Kyshtym disaster

The procedure of pouring waste into the Techa continued until 1956.

An excerpt from the article 42 facts about Kyshtym disaster

More than 28,000 people lived along the river in 38 villages. For most of them, the Techa River was the only source of drinking water, they bathed in it and washed their clothes. As much as ¼ of the radioactive waste was Cesium and Strontium isotopes. They were deposited in bones and soft tissues, causing lesions leading to chronic radiation sickness.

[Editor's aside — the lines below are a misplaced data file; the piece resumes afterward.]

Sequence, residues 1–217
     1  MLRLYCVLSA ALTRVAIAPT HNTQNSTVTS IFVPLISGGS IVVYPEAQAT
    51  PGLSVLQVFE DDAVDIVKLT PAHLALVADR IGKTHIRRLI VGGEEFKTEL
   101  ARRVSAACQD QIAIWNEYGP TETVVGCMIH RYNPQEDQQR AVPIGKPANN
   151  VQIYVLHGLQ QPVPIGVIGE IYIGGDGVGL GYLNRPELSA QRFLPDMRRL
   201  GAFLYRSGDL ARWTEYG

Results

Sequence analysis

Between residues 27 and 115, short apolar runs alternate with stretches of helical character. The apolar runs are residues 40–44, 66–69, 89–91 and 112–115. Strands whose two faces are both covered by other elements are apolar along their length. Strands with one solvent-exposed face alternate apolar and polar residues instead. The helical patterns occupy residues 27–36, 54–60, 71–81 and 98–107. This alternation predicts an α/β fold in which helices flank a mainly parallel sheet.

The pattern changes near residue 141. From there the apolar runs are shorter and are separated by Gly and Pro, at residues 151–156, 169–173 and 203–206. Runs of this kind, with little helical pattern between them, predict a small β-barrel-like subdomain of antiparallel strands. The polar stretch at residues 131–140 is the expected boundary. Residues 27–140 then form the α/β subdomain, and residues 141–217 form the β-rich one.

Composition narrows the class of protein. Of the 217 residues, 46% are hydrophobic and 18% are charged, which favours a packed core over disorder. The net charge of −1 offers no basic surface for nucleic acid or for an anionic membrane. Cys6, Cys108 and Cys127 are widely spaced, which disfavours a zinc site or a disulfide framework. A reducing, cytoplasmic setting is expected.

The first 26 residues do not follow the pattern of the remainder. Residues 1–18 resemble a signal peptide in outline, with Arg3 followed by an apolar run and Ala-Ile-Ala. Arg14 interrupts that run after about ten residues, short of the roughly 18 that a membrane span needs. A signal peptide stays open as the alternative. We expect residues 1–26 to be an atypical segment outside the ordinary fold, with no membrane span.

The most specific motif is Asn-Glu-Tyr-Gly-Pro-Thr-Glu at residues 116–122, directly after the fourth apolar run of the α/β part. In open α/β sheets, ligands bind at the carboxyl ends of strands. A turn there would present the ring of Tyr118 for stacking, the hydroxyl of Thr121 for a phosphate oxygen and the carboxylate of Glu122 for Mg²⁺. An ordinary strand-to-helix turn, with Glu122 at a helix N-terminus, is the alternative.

The disease was regularly found in residents of riverside villages.

Initially, the authorities banned people from bathing and washing in the rivers. They were ordered to drink water from wells dug on the spot. The real reason for the new bans and orders was concealed from the residents, as the existence and purpose of the Mayak combine was to remain a strict secret. People did not comply with the guidelines and continued to use the river. In response, the authorities cordoned off the river with barbed wire, which stopped some people.

After 1951, the amount of waste poured into the river was greatly reduced, and people began to clean up the waste before it poured in. Dams were erected to make controlled discharges.

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